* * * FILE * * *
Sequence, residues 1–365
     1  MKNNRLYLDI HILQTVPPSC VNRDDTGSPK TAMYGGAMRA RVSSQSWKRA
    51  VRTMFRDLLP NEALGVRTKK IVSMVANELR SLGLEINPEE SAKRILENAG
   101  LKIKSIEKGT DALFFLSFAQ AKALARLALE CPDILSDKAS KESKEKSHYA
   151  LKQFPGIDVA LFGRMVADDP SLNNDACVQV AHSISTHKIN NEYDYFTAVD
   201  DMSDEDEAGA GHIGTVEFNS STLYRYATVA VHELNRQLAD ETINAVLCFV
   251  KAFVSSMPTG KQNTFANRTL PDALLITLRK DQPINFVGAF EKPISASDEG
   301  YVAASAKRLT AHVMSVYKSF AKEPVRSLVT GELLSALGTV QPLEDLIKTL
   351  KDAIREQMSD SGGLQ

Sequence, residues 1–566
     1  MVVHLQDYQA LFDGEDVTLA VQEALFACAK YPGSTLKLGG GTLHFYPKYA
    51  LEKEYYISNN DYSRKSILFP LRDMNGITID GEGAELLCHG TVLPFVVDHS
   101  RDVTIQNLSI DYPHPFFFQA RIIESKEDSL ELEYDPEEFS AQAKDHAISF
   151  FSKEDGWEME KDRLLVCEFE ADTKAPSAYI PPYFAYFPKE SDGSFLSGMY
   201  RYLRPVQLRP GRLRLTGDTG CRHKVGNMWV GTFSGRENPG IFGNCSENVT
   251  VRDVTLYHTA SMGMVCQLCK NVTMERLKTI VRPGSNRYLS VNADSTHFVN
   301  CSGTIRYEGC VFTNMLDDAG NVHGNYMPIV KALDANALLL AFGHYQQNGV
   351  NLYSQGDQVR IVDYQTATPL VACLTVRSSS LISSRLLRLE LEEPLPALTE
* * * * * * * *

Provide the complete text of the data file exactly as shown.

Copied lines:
Sequence, residues 1–365
     1  MKNNRLYLDI HILQTVPPSC VNRDDTGSPK TAMYGGAMRA RVSSQSWKRA
    51  VRTMFRDLLP NEALGVRTKK IVSMVANELR SLGLEINPEE SAKRILENAG
   101  LKIKSIEKGT DALFFLSFAQ AKALARLALE CPDILSDKAS KESKEKSHYA
   151  LKQFPGIDVA LFGRMVADDP SLNNDACVQV AHSISTHKIN NEYDYFTAVD
   201  DMSDEDEAGA GHIGTVEFNS STLYRYATVA VHELNRQLAD ETINAVLCFV
   251  KAFVSSMPTG KQNTFANRTL PDALLITLRK DQPINFVGAF EKPISASDEG
   301  YVAASAKRLT AHVMSVYKSF AKEPVRSLVT GELLSALGTV QPLEDLIKTL
   351  KDAIREQMSD SGGLQ

Sequence, residues 1–566
     1  MVVHLQDYQA LFDGEDVTLA VQEALFACAK YPGSTLKLGG GTLHFYPKYA
    51  LEKEYYISNN DYSRKSILFP LRDMNGITID GEGAELLCHG TVLPFVVDHS
   101  RDVTIQNLSI DYPHPFFFQA RIIESKEDSL ELEYDPEEFS AQAKDHAISF
   151  FSKEDGWEME KDRLLVCEFE ADTKAPSAYI PPYFAYFPKE SDGSFLSGMY
   201  RYLRPVQLRP GRLRLTGDTG CRHKVGNMWV GTFSGRENPG IFGNCSENVT
   251  VRDVTLYHTA SMGMVCQLCK NVTMERLKTI VRPGSNRYLS VNADSTHFVN
   301  CSGTIRYEGC VFTNMLDDAG NVHGNYMPIV KALDANALLL AFGHYQQNGV
   351  NLYSQGDQVR IVDYQTATPL VACLTVRSSS LISSRLLRLE LEEPLPALTE